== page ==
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Archive for the ‘Motherhood’ Category

when my words and my mind were spinning madly, on the brink of a collision with reality, i wanted to share stories and jokes and all the intimate details of the lives we were living.
… and then
it happened. the inevitable collision that i had spent a lifetime ignoring was now, unavoidable. the spinning thrashed around my mind like an orca beating its kill on the ocean top.
slap
slam
… and then
my head burst open and everything escaped, oozing out of those darkened crevasses so fast that to grasp them, to contain them, was an impossible feat. i crawled out from beneath, prostrated myself, hated myself.
i hated me
… and then

i looked at all the pieces lying around, scattered, unrecognizable, knowing the reassembly process was impossible. i couldn’t decifer which piece fit where and if some of the pieces had been altered.

all the pieces had been altered
… and then
the altered pieces looked so beautiful, so magnificent in their new imperfect shapes. i saw that, you see? i saw it. i saw the love inside. i saw the beauty that was forming and growing and busting through a wall to shout at the world.
shout at you
… and then
the porous pieces of myself, those imperfect and all too occasionally fucked up pieces of myself took on a magnificent shape. they looked like me. a crooked smile. a blemish. a lonely dimple.
me
me
i stood upright and strong and dared to move.
dared to love
dared to love me
i took the onus for me

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When my son was in the sixth grade, he had a girlfriend. Like most romances that take place in the sixth grade, it was short-lived… it ended when his “I want to break up” note got to her before her “I want to break up” note got to him.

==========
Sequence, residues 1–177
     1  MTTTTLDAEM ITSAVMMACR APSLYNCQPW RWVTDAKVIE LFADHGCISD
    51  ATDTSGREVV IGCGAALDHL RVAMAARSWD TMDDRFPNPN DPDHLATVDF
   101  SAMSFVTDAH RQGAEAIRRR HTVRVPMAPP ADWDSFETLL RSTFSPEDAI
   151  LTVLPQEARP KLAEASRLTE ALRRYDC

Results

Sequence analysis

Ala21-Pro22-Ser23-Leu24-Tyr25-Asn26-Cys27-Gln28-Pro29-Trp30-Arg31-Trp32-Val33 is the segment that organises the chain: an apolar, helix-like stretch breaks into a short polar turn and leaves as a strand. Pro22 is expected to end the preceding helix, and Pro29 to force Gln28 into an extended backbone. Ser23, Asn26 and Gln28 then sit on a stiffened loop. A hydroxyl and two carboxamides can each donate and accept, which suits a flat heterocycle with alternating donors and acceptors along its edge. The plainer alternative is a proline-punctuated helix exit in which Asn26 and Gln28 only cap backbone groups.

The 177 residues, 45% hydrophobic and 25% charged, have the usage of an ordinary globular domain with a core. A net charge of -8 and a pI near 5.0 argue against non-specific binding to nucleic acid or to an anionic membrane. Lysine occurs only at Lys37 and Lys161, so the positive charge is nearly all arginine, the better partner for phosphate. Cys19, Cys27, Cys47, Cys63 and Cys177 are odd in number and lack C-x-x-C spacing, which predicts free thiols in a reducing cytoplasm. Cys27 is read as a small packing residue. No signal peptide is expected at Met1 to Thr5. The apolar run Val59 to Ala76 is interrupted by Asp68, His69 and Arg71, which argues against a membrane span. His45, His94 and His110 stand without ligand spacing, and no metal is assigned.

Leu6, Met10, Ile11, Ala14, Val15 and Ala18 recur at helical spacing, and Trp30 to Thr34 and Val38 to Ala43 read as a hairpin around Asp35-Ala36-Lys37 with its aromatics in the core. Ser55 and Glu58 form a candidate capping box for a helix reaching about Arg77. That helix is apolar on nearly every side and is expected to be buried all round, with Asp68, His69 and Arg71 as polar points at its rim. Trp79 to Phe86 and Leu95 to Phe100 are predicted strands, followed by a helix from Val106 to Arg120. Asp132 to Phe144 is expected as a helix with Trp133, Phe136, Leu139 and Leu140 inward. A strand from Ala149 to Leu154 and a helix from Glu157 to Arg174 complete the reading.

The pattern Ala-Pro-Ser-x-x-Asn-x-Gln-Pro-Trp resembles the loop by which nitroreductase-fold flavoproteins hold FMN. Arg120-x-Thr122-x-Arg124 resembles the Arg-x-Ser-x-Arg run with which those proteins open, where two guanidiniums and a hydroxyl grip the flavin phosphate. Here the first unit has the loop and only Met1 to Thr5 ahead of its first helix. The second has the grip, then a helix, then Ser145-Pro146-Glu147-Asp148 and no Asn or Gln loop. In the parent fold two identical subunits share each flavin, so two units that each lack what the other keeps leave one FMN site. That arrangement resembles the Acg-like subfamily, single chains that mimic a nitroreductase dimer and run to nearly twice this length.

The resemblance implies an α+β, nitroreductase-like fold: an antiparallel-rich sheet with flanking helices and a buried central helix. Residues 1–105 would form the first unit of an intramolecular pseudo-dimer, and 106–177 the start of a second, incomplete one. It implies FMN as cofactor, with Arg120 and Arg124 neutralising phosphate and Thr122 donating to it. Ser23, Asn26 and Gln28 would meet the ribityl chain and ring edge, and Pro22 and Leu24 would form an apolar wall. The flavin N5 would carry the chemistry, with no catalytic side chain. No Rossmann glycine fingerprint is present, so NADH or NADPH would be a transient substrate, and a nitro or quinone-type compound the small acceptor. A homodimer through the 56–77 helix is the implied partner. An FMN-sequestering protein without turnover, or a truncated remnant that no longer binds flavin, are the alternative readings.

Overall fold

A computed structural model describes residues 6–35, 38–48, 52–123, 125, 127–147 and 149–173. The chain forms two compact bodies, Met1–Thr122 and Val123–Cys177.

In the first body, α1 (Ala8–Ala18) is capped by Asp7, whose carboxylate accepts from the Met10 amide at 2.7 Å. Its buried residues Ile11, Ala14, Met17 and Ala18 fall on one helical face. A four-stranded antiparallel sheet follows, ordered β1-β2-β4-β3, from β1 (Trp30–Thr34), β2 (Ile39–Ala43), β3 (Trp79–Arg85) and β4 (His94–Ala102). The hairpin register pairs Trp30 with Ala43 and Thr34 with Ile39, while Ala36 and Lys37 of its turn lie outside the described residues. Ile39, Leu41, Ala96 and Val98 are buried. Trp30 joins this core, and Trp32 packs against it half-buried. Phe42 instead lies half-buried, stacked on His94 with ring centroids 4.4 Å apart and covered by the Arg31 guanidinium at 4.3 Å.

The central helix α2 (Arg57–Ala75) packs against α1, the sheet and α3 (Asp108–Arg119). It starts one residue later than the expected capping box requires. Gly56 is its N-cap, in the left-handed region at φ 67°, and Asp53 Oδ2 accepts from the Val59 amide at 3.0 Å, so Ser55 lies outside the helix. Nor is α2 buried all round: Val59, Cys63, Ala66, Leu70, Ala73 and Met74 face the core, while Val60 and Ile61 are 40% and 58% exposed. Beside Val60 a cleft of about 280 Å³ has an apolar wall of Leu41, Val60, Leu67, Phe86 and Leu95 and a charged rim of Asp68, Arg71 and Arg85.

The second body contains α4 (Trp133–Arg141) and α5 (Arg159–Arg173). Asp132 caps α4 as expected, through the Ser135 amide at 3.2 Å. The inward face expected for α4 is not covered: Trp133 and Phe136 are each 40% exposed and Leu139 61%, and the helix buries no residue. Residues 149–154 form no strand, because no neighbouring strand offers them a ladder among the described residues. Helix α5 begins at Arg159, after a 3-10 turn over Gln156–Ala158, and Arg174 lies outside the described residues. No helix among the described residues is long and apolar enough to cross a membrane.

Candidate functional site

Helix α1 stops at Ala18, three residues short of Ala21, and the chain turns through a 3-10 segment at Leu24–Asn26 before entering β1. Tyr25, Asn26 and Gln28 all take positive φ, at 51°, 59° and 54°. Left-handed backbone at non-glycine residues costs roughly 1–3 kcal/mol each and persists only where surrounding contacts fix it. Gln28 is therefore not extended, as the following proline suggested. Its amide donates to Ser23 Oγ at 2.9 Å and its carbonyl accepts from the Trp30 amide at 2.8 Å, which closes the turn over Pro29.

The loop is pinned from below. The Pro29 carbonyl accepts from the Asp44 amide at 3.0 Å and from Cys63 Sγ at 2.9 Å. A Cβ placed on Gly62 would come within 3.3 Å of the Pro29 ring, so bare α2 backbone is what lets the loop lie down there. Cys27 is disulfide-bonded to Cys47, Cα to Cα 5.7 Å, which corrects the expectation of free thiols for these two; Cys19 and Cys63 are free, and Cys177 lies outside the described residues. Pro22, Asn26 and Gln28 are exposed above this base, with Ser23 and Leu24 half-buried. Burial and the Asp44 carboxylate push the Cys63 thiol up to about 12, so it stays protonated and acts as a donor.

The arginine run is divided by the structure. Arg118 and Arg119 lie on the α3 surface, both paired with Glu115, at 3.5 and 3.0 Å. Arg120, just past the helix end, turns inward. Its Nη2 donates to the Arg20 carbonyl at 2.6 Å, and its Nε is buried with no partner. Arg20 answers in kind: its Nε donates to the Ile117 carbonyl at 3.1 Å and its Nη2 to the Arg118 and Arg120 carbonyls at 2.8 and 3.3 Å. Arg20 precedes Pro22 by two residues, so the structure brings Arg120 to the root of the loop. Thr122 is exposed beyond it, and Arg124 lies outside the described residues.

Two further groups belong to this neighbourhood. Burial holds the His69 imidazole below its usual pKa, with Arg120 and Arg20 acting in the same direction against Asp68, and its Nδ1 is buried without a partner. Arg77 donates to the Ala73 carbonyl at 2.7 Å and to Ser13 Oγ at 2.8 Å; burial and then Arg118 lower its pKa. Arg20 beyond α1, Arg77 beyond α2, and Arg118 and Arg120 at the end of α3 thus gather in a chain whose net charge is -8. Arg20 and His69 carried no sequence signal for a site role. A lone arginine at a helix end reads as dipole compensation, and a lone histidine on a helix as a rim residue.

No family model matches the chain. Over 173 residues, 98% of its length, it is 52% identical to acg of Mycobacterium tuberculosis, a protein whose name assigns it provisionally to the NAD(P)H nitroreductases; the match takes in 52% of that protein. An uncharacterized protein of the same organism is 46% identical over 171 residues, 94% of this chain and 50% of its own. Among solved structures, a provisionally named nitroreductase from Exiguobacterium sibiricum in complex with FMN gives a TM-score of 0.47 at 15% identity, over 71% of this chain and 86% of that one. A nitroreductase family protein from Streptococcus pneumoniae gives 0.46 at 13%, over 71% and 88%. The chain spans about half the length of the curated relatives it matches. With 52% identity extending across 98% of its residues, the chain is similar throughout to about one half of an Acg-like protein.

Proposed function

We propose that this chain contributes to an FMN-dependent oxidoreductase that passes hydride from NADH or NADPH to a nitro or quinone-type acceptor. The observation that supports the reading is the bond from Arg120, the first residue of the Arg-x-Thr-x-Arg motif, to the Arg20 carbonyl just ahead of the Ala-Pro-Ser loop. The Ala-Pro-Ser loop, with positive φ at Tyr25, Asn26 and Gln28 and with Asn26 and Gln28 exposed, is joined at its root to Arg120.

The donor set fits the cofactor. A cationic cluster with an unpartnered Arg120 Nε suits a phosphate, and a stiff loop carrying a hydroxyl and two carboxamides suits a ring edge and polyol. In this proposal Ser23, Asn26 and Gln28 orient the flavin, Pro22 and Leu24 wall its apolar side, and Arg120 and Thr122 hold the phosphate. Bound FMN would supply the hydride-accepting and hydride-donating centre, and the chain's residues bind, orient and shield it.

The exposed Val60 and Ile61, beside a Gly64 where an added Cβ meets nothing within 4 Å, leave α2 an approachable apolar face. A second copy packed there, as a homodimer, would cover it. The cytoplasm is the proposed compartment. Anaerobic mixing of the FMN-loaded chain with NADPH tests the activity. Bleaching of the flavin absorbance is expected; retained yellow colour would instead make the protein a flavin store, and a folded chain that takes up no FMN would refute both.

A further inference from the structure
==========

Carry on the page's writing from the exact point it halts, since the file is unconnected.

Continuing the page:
In the sixth grade, that’s the way the world spins — sometimes predictable and rotating calming, sometimes spinning wildly and madly.

A few days after the “break up”, he came to me upset. The grandmother of the young girl had sent him a private message on Facebook, in it she wrote that she was disappointed in him, she expected better from him, she couldn’t believe he had broken her grand-daughters heart. As I read this message from her, that I doubt would have ever come to life had it not been for this feeling of anonymity that we get typing from our keyboards — we say things through our computers that we would never imagine saying face to face, we behave differently… the computer lends itself to an air of “make-believe”, but that’s another story for another day, as I read this message to my son, in the sixth grade, from a little girls grandmother, my blood boiled with an anger that, I believe, only erupts in a few people on a few occasions — this was my occasion.

I was angry.

I was livid.

I was ready to gnash my teeth and bear my claws.

But, I paused and looked at him, his round sixth grade boyish face, frightened and upset that this adult, who he didn’t know, was now disappointed in him. It’s easy to see confusion racing through the mind of a sixth grade boy, they don’t cloak their feelings, it’s there, in their eyes. I told him that this woman was upset and it had nothing to do with him. I told him to forward me any other messages he got from her. I told him I would take care of it. Of course, to him, this meant I was going to track this grandmother down and drop her with a quick and decisive punch to the kidneys (in my mind, this is what I did and it was spectacular) — I assured him, everything would be fine.

I sent the grandmother a reply and let her know that what she had done was not okay. I reminded her that these were sixth graders, I reminded her my son was a real person and not some imaginary being she could chastise from the safety of her keyboard — I made my point and she apologized, repeatedly.

It wasn’t Mother’s Day when this happened, it was just a day — maybe it was a Tuesday or Saturday, maybe it was January or maybe May. It was a day, a day when I was not necessarily a mother, but a caring person, a caring woman.